Anyone who follows the latest diet trends and news will know Dr Michael Mosley, the man behind books including The 5:2 Diet and the Fast 800. The doctor and journalist is an expert on rapid weight loss, having changed his own diet in order to reverse his type 2 diabetes by taking up intermittent fasting. Mosley now has a new programme launching which promises to help you lose the weight you might have put on during the lockdown.
Dr Mosley’s new show, Lose a Stone in 21 Days, airs on Wednesday night on Channel 4 at 9pm.
The new programme helps a number of volunteers to lose the weight they have put on in recent months, following the news that obesity is a serious factor in how well you can recover from the coronavirus.
Dr Mosley has teamed up with his wife, Dr Clare Bailey, in order to help people to lose weight fast.
Dr Bailey has been a GP for more than 30 years and has experience in helping dieters to achieve their weight loss goals and improve their health, as well as writing recipe books and meal plans for Dr Mosley’s popular diets.
Ahead of the first episode of the show, Dr Mosley appeared on Wednesday’s This Morning on ITV with Eamonn Holmes and Ruth Langsford to discuss the diet.
He explained that the show takes the 800 calorie diet that he made famous with his book, Fast 800, after it was proven to work in a recent study.
Dr Bailey co-authored the research study for Oxford University, which found that those following a diet of 800 calories a day for eight weeks lost an average of 9.5kg – which is almost one and a half stone.
Dr Mosley explained that some people lost more, and some lost less, but all of the people in study “massively improved their metabolic health”.
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This means their blood pressure decreased, their sleep improved and even their mood improved.
So how do you do the diet?
The three-week diet involves eating 800 calories a day, with high protein, low-carb Mediterranean-style foods which Dr Bailey is sharing alongside the programme.
Dr Mosley also talked through what he calls “the three Fs”, which are three factors that are crucial for those hoping to lose weight.
The first is fluids – dieters should drink plenty of water as not only will it help you feel fuller, but for every gram of sugar you lose, you lose three grams of water.
When you initially start to lose the weight, it’s the sugar and water that first goes – also known as “water weight” – so it’s important to drink plenty to stay hydrated.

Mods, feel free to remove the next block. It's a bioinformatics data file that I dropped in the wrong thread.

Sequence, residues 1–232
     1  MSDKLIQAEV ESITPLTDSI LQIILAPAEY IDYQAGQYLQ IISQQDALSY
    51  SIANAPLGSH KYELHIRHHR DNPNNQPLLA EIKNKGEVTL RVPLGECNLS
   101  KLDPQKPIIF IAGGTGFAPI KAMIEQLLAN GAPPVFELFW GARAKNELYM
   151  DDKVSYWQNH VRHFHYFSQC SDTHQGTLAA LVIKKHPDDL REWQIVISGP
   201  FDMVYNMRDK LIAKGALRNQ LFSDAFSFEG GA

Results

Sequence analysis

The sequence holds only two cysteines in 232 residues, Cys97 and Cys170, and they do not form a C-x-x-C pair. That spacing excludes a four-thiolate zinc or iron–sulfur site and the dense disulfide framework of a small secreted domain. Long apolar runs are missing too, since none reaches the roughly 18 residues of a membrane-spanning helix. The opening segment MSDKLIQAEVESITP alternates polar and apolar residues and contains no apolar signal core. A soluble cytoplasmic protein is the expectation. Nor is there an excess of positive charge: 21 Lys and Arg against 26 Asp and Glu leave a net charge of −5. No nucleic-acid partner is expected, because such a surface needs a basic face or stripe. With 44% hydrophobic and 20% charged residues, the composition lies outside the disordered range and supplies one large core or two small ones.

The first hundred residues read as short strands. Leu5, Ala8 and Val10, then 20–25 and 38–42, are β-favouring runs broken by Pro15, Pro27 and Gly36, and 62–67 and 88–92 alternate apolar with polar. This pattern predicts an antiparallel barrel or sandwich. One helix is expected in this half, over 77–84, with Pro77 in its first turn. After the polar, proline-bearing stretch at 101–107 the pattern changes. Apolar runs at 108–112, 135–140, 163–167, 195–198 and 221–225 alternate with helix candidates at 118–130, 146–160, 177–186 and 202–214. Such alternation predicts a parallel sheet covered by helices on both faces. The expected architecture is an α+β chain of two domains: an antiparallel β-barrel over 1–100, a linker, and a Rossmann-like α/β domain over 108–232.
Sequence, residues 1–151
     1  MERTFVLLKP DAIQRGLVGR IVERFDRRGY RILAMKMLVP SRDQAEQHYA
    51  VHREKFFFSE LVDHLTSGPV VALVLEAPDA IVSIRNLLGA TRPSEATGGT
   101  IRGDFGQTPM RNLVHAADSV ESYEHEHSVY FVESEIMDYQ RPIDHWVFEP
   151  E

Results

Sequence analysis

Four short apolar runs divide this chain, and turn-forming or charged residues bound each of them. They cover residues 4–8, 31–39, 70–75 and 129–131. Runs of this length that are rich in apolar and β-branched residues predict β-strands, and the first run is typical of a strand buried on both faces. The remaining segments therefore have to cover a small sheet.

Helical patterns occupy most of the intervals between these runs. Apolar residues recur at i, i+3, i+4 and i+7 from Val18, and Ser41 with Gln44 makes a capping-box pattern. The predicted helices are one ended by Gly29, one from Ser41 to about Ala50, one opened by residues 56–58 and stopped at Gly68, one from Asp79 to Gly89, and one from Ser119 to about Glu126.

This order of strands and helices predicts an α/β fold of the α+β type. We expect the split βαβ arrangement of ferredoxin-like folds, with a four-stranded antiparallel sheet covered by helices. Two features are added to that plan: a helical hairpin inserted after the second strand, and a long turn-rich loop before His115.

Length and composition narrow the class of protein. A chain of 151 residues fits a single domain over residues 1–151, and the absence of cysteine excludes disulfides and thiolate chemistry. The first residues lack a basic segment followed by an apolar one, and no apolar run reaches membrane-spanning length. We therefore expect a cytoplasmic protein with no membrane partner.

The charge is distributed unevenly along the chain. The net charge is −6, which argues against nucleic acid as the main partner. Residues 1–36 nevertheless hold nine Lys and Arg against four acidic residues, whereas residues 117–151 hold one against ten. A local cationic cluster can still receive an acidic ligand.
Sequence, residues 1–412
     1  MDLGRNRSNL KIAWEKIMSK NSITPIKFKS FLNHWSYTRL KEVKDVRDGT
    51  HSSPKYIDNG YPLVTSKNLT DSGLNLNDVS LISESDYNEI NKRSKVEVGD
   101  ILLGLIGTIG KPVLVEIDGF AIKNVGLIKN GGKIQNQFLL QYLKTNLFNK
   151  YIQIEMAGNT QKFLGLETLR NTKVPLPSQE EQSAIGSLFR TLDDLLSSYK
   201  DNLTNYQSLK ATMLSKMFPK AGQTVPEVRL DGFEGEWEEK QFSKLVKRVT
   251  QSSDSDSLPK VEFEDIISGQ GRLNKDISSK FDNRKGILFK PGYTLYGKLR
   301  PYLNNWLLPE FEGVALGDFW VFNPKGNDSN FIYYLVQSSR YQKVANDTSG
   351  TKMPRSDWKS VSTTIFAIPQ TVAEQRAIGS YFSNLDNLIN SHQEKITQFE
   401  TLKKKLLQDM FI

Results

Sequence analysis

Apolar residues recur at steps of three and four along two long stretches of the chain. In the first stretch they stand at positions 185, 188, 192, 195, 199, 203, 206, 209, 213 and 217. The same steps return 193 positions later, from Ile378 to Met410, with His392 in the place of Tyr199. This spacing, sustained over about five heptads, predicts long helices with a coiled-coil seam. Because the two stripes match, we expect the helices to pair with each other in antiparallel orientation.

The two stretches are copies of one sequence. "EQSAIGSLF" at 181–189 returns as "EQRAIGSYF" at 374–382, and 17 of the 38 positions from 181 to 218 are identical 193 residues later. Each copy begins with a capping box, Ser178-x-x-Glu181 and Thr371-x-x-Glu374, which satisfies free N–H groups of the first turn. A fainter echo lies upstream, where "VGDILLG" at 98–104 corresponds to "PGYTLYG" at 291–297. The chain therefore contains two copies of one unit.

Fibre is the second “F” in order to help you stay full and feed the good bacteria in your gut, for an improved mood.
The final “F” to be wary of is fat – and not for the reason you might think.
Dr Mosley believed that the food industry’s obsession with low-fat foods (which are often full of sugar) is one of the reasons behind the country’s high obesity rates, as some fats are actually good for you.
The expert recommended eating olive oil, nuts, oily fish and (in moderation) full-fat dairy products in order to lose and maintain their weight.
He also warned that it’s not just about sugar being the problem – it’s a combination of fats and sugar that can make you put on weight and affect your health.
However, Eamonn wasn’t so convinced that anyone could be happy eating only 800 calories a day – but Dr Mosley explained that the mood-boosting effects are part of how the body reacts to a healthier diet.
Dr Mosley said they found it “tough to begin with” but that after three or four days, your stomach shrinks and you go into a fat burning mode – also known as ketosis.
“The reality is you have a huge amount of energy stored in your body in the form of fat, which you never dip into,” explained Dr Mosley, who said it was a bit like having money in the bank – you only go there when you haven’t got money in your pocket.
Your body initially tells you that it’s time to eat, but when it realises that you won’t be snacking or eating another meal it starts to burn fat, which helps to improve your mood.
The doctor also added that eating junk food makes you fat, depressed and anxious as well as affecting sleep – which is why a healthy diet is so important for both physical and mental health.
He reported that some dieters are even “almost hyper” once they change their lifestyle, thanks to the way it affects their body and mind.
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